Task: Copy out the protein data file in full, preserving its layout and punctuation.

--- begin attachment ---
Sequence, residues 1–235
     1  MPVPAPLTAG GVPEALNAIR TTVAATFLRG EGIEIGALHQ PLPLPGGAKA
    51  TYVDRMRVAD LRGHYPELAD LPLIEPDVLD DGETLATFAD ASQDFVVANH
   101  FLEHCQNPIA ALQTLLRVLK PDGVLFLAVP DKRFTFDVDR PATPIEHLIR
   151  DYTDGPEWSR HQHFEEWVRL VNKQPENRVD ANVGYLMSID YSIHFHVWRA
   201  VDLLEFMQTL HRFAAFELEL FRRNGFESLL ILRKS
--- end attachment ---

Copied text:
Sequence, residues 1–235
     1  MPVPAPLTAG GVPEALNAIR TTVAATFLRG EGIEIGALHQ PLPLPGGAKA
    51  TYVDRMRVAD LRGHYPELAD LPLIEPDVLD DGETLATFAD ASQDFVVANH
   101  FLEHCQNPIA ALQTLLRVLK PDGVLFLAVP DKRFTFDVDR PATPIEHLIR
   151  DYTDGPEWSR HQHFEEWVRL VNKQPENRVD ANVGYLMSID YSIHFHVWRA
   201  VDLLEFMQTL HRFAAFELEL FRRNGFESLL ILRKS